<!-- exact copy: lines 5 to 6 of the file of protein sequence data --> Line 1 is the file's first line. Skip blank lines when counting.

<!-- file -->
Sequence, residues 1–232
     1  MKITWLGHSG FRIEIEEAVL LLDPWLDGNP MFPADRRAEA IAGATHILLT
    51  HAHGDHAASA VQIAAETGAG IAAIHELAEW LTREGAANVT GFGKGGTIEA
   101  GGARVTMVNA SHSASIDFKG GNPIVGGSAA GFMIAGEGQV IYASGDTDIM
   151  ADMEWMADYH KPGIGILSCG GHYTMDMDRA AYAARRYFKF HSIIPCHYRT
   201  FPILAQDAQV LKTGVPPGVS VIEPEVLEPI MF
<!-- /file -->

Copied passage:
   151  ADMEWMADYH KPGIGILSCG GHYTMDMDRA AYAARRYFKF HSIIPCHYRT
   201  FPILAQDAQV LKTGVPPGVS VIEPEVLEPI MF